What the Intake Nurse Said to Me

Yvonne Hoffman
The Intake Nurse Mentioned that I must have a Concussion — I Thought "So what?" Little Did I Know!

The Intake Nurse Mentioned That I Must Have a Concussion I Thought "So What?" Little Did I Know!

I used to be a woman who didn't let the dust gather under her feet. I moved to the United States from Scotland in 1974, and created a full life here. I was, and am, a wife, mother, grandmother, friend, colleague and pet owner. I've been a suicide prevention and hot line counselor, an emergency room and hospice volunteer, a family mediator, home cluster and religious group president, corporate employee, and most recently, the owner of an interior decorating business.

Now, I am trying to find out who I am, what I'll be able to do for a living, and whether I will be able to continue working in my business. That is because on January 16, 2007, when I was out walking my dog, I misjudged my step, fell, and suffered what might be described as "a little bump on the head," albeit it required four stitches on the outside edge of my eyebrow. Emergency room staff looked at me to see if there was any neck injury and x-rayed my face to see if the orbital bone had been fractured or broken. The intake nurse mentioned that I might have a concussion. I thought, "OK...so what?" I thought that meant I would have a headache for a while and then everything would be OK. Little did I know! I have had a constant migraine ever since.

Weeks later, I began to realize that I couldn't remember things and had no concentration. I was crying on and off most days and couldn't get any organization working at my desk. I couldn't really remember what had happened during the first two weeks after the accident. One day I ran my hand through my hair and couldn't believe how it felt. I realized I didn't know if I'd washed it in the shower or if I'd even washed at all on a regular basis. I had to make a list of things to do in the shower. It took several tries to make that list because I couldn't remember anything.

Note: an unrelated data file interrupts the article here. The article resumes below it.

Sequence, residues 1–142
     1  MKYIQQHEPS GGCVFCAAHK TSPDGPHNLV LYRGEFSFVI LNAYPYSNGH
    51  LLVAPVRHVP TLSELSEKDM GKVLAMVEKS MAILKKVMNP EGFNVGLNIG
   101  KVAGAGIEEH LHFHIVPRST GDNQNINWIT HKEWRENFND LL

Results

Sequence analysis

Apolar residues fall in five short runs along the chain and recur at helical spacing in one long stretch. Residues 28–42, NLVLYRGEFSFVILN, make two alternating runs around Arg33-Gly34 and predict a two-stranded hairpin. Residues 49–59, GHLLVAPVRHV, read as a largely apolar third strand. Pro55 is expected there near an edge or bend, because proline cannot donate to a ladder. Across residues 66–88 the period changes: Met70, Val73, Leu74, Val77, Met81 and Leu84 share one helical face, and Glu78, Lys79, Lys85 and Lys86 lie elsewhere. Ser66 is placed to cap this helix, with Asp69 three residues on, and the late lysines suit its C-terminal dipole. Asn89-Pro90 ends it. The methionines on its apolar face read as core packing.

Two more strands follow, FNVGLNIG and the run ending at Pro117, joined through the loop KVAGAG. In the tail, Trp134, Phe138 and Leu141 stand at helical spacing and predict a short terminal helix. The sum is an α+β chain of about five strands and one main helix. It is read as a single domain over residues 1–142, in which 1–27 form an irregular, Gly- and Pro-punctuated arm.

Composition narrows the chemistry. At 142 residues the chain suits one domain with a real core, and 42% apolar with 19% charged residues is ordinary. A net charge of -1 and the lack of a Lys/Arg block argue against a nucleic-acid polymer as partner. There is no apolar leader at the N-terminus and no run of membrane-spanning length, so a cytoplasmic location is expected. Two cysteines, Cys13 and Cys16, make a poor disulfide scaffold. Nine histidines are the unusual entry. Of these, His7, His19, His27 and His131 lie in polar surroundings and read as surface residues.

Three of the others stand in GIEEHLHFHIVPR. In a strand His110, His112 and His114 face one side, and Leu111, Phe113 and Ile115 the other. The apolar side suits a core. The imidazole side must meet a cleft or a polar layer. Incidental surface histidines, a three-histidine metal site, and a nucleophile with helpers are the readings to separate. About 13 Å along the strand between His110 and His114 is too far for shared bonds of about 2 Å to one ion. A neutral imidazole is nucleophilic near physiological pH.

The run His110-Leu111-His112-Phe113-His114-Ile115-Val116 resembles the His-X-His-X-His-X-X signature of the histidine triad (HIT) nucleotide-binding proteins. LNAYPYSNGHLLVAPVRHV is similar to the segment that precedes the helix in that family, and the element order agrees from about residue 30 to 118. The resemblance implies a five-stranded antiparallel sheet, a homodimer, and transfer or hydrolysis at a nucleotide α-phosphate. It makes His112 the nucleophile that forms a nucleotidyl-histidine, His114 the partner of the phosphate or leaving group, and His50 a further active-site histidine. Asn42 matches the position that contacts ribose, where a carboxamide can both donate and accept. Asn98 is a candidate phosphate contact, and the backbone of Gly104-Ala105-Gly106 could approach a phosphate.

Three weeks after my accident, I emailed my internist and told him that I was worried about what was happening — or not happening — to me. He asked me to wait another two weeks. But I continued to have problems and went to see my doctor. He told me that what I was experiencing was clearly the result of a concussion. Upon examination he immediately referred me to a neurologist. The neurologist found that there were areas of my brain that were simply not working. I couldn't remember the name of one of the US coins (nickel). To get that word back, I had to spend more than three weeks looking at a flash card I created with the coin taped on it and word NICKEL in large letters. Different tests were conducted and I knew I was failing them...I couldn't subtract successive 7's from 100 after 93. Some words were on the tip of my tongue...but I couldn't get the sound behind the word.

I walked around in circles trying to remember what I was trying to do. I would try to write emails and discover that I had one on my computer screen already but I couldn't remember opening it. I cuddled my dog a lot! She seemed to know that I was in trouble and she kept right by my side most of the day. Her presence helped me feel safe. Touching her beautiful fur calmed me down. I have since learned that motion calms the brain.

I was referred by the neurologist to the Bridge Program at the INOVA Mount Vernon Hospital in Alexandria, Virginia. My medical insurance did pay for the treatments. By the time I got into the program I did not need occupational therapy because I had worked out most of the processes needed for everyday living.

I find that I have new/old memories returning and I get better day by day. My treatment focused solely on the cognitive skills. In my business, I use mostly my cognitive abilities. It could take me more than two years to get back to where I was physically before the accident. However, I might not be able to get all the way back. My treatment sessions have ended and I'm so scared.

I've been told both by my neurologist and the hospital staff that my brain will find alternative routes and that I will relearn how to do most things. I hear such words, but at the same time I have had to deal with the changes I've experienced since early February. I'm still unconvinced that everything will be OK.

Many of my friends think that I look great and try to reassure me. However, they don't know what this feels like, nor do they understand what a brain injury means. Neither did I! If I were in a wheel chair there would be a different response. If I had a limp or had a hand that didn't function well, or if my face was contorted, they would have some visual reflection of my condition. Brain injury doesn't always show physically, especially MTBI. Controlled panic would be a good way to describe how I feel at times. Other times, I feel confident that my life will be good in spite of this. Time will tell.

Yvonne Hoffman is a TBI patient in Reston, Virginia

From the American Speech-Language-Hearing Association. Used with permission. www.asha.org.

Posted on BrainLine April 30, 2009

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